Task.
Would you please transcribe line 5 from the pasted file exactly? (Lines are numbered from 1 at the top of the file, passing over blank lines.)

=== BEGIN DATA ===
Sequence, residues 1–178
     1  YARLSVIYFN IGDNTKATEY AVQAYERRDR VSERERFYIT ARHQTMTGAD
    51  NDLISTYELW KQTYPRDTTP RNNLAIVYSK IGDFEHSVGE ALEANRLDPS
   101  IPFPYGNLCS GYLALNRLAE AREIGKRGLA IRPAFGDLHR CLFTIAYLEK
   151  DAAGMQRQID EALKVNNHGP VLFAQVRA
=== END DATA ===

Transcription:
   151  DAAGMQRQID EALKVNNHGP VLFAQVRA